None of this has much to do with sexual harassment, which isn’t a crime, and the three examples cherry-picked by Dayen don’t support his stated argument. The Wall Street wheeler-dealers operated primarily within loopholes and gray areas in the laws and regulations. There were few convictions because it was hard to prove that laws were broken. When the molesting priests were identified, still living, and in the U.S., many were sent to prison. (That the Catholic Church behaved abysmally doesn’t show that the U.S. justice system is broken, obviously). And “Cops shoot black people and go back on the job” is deceitful, simple-minded agitprop. Colin Kaepernick, is that you?

The article is a desperate and clumsy attempt at ethics jujitsu, with the recent exposure of progressive hypocrites as sexual predators being flipped to pivot to the talking point that “everything is rigged against the poor, blacks and women.” What Dayen ends up arguing is that we need to make it easier to prove criminal guilt when we just know the defendants are bad dudes (white, male and rich) —shouldn’t that be enough?— and all the “beyond a reasonable doubt” stuff should be junked…except when black “non-violent drug offenders” are involved.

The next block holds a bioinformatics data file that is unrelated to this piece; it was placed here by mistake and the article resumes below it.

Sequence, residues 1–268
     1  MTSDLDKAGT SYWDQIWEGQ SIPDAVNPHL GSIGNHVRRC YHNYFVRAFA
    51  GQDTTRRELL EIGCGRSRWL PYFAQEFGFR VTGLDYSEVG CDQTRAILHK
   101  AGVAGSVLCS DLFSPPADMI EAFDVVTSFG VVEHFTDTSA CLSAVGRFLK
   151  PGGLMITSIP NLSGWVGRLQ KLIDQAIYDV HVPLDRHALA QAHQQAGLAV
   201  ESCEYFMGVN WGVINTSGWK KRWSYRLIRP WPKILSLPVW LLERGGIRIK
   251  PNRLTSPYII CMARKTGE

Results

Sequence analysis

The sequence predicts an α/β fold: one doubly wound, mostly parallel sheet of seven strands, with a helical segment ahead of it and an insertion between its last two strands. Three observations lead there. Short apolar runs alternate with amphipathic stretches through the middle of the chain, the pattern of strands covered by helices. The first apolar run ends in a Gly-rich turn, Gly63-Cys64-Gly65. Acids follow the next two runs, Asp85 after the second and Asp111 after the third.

3.  It’s still illegal. Fark.com called this story “a woman being arrested for mothering while black.” Nice. David Dayen, is that you? Continue reading

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Morning Ethics Warm-Up, 11/18/17: (Part One) The Frankenmedia

Wait, how does that go again? What is it that “dies in darkness”?

Good morning (or, as I first typed it, “good monging”), everyone!

1 CNN’s walking, talking, “mistake…CNN’s alleged ethics watchdog, Brian Stelter, is really an embarrassment. He sees his job as defending the news media, not making its conduct better through objective criticism. He especially works up a sweat defending CNN, perhaps the most rooutinely unethical of all…but then, CNN pays his salary, the fools. He’s useless.

In a podcast,, both he and CNN token conservative S.E. Cupp blamed the mean conservative media and commentators unfairly dwelling on “mistakes” to undermine public trust in journalism.  See Rationalization #19. The Perfection Diversion: “Nobody’s Perfect!” or “Everybody makes mistakes!”